So What’s Christie Golden Doing?

/equip_tinfoil_hat

So I’m possibly reading too much into something small, but I stumbled across a rather intriguing story last night. It seems Christie Golden has suddenly moved to California so that she can work at Blizzard’s main offices for a secret project that will last until October.

The Emerald Dream in World of WarcraftI’ve been a pretty big fan of Christie Golden’s for a while now, as both an author and a person. She’s written a number of excellent tie-in novels for Blizzard’s various games, and I have had enough sporadic contact with her over the years to determine she is a pretty excellent person. Therefore, the news of her doing more work with Blizzard excites me.

But what’s really intriguing is the question of just what she’s doing there. While I’m not an expert, I have done some research on the process for how authors produce tie-in novels for Blizzard, and I’m pretty sure it doesn’t normally require actually working at the Blizzard offices for months. Why would it?

Again, I might be jumping the gun, but my mind has turned to the possibility that she may be writing an entire game. It would explain why she needs to be in close proximity to the development team(s).

But what game?

Christie Golden has the most history with the Warcraft universe, but I’m not sure things quite add up for her to be working on WoW. It seems a bit early for them to be designing the plot of the next expansion in detail, and the continuous nature of WoW’s story doesn’t mesh with the temporary nature of her job at Blizzard.

Given she is in theory only there for a few months, I would think she’d be working on something with a clear beginning, middle, and end. A game that can be finished.

The Spear of Adun's Solar Core in StarCraft II: Legacy of the VoidThe only other Blizzard franchise she’s worked on in the past is StarCraft, so perhaps she could be writing a new mission pack. Blizzard’s said they were moving on from story content for StarCraft II, but they could always change their minds.

However, I see no reason she must be limited to franchises she’s already worked on.

We do know something is in the works regarding Diablo, though whether it’s an expansion, Diablo IV, or some kind of spin-off is anyone’s guess. I have a little bit of trouble picturing someone as sweet as Christie Golden working on a series that’s basically all torture and brimstone, but then I remember how dark some of her past writing has gotten, and it doesn’t seem quite as far-fetched.

The possibility that really intrigues me, though, is that she could be working on Overwatch, either a story mode within the current game or entirely new title in the same universe that focuses on story instead of PvP. There’s clearly a strong desire for such, and the Overwatch universe seems the perfect fit for her emotive, character-driven style of writing.

Regardless, I hope it is a new game she’s working on, because any game written by Christie Golden is a game I want to play.

Review: Into the Badlands, Season One

Into the Badlands is something my father discovered while perusing Netflix and then recommended to me. Without much else to watch between episodes of iZombie, I decided to give it a try.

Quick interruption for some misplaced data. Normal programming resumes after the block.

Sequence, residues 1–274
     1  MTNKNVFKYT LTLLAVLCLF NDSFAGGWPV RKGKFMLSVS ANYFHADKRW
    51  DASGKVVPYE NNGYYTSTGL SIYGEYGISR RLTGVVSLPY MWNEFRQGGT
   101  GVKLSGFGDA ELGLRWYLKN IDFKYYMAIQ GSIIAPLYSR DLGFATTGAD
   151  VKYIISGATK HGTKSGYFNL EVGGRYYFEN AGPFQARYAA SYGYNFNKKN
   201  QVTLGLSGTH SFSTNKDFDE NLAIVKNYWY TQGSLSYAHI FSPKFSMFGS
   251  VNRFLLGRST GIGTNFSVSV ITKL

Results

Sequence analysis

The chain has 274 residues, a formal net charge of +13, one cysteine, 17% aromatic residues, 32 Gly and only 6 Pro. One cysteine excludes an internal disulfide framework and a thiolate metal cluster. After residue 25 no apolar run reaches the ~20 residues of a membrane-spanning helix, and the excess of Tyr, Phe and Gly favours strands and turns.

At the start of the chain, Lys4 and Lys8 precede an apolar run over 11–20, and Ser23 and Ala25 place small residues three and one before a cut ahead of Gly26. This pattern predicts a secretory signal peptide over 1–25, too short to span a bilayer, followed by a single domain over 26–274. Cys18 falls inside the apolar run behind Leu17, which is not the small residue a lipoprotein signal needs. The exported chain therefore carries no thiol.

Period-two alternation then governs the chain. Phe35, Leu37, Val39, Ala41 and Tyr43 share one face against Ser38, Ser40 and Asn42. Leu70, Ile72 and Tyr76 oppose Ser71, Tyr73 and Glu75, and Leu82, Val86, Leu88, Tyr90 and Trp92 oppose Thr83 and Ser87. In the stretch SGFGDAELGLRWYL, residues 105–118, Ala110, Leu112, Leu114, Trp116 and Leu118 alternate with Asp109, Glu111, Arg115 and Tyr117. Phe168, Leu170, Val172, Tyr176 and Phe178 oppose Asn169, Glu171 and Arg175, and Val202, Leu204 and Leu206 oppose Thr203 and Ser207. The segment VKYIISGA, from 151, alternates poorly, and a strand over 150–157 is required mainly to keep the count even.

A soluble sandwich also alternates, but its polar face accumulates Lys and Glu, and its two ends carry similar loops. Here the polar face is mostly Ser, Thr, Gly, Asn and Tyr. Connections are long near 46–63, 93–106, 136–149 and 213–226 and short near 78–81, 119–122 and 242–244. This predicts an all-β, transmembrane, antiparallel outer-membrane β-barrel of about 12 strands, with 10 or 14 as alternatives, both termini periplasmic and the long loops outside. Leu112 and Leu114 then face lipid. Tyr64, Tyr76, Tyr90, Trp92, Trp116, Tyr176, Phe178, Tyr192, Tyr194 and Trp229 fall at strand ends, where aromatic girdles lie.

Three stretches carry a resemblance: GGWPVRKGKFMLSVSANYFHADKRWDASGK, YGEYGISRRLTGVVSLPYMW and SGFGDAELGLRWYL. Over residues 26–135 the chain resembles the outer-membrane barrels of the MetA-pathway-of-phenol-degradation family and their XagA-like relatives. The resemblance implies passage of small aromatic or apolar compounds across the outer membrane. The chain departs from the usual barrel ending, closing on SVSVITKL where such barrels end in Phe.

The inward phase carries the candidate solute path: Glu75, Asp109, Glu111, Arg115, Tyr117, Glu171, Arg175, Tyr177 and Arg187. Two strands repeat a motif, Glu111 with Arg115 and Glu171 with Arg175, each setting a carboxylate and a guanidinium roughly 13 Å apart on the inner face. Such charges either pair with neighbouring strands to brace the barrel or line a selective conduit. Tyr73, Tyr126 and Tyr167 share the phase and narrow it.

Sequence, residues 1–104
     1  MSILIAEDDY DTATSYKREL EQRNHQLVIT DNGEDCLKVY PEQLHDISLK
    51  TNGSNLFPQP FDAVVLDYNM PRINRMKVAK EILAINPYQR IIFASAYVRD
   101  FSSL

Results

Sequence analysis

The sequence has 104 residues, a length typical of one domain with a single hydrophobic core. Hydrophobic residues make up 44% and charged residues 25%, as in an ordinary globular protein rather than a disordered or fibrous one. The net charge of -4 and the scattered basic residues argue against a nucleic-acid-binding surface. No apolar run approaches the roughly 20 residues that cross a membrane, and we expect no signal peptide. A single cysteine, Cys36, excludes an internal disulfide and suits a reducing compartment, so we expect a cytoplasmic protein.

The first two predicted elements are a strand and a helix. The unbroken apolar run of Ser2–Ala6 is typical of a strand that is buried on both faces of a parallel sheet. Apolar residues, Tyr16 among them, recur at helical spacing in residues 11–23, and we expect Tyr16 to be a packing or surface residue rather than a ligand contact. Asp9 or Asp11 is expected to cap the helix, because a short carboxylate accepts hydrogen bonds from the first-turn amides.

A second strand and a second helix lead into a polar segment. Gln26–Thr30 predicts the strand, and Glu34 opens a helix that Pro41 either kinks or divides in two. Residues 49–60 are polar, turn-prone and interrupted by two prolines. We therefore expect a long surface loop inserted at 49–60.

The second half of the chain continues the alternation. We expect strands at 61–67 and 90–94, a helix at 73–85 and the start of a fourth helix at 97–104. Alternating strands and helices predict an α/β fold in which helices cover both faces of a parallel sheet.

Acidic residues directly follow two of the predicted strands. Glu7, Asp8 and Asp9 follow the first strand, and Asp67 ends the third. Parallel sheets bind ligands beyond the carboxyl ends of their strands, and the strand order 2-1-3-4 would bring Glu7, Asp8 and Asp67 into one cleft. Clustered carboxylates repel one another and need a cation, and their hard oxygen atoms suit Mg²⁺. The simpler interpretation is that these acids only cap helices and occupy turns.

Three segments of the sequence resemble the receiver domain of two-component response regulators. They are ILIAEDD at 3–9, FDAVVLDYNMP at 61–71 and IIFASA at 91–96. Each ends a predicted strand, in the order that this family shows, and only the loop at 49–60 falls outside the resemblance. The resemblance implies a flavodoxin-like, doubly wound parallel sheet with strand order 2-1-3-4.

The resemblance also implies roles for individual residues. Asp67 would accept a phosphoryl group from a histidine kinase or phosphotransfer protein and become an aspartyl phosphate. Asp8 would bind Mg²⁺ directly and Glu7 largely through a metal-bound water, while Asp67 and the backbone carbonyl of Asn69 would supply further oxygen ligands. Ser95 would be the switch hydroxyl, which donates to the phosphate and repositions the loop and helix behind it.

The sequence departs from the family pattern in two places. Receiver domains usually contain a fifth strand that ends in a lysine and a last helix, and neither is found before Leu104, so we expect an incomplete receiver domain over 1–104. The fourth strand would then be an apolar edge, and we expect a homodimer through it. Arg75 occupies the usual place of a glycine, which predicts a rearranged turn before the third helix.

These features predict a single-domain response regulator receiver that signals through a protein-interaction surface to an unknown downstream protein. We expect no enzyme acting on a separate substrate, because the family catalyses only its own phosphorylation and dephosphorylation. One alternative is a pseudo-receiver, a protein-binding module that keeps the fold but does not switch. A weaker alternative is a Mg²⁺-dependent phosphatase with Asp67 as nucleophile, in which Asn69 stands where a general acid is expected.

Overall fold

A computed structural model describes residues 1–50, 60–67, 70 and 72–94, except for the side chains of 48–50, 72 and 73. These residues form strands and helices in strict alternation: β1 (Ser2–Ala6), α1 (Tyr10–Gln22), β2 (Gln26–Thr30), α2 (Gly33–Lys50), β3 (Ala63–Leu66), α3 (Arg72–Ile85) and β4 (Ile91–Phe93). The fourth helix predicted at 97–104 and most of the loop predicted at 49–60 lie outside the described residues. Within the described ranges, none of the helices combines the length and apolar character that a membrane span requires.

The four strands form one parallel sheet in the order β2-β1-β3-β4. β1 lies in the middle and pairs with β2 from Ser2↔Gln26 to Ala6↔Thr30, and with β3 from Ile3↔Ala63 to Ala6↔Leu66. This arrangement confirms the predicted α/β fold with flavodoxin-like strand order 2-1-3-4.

The logo for Into the BadlandsIt’s a strange show. It’s some sort of post-apocalyptic Western kung fu… thing, set in a far-flung future where the civilization we know is a distant memory. The land is ruled by ruthless barons, aided by their armies of “clippers,” which are sort of like samurai without the honour.

The story focuses on Sunny, a weary veteran clipper in service to a cruel baron, and M.K., an orphan boy with a mysterious power. Fate causes their paths to repeatedly cross as Sunny’s master prepares for war with his rival, a revolutionary known as the Widow.

It’s a pretty unique mash-up of genres, and certainly the concept holds a lot of potential, but the problem with Into the Badlands is that it isn’t very good.

That’s pretty much it. It’s mediocre in almost every way imaginable. None of the characters are all that interesting or likable. The plot’s pretty unsurprising. It’s often silly and illogical — I like how they were able to preserve the technology for cars and X-rays, but not guns.

All the absurdity of the show would be fine if it weren’t determined to take itself so deadly seriously. Into the Badlands has all the ingredients for a fun, light-hearted action-adventure, but it’s trying to be a serious drama. It has no whimsy, no self-awareness, and no sense of humour.

The Widow in Into the BadlandsThe shortness of its season doesn’t help matters. Season one is just six episodes, and it’s a pretty complicated story, so I’m not sure there’s really time to develop anyone or anything enough. On the other hand if the season had been any longer I might not have made it to the end. At just six episodes there wasn’t much to lose by sticking it out.

I suppose the acting is not bad — I actually rather like the guy who plays Sunny; he’s got some gravitas — but the writing is so weak that the cast’s talent is largely wasted.

Really the only thing it’s got going for it is that it’s a very visually appealing show. If all you want is to see good-looking people in really cool costumes doing extravagant wire fu moves in front of pretty backdrops, this is the show for you.

If you want anything more than that, move on.

Overall rating: 5.9/10

As an aside, has it occurred to anyone how inaccurate the show’s title is? The story is about trying to get out of the Badlands, and the “Badlands” appear to actually be quite fertile and clement.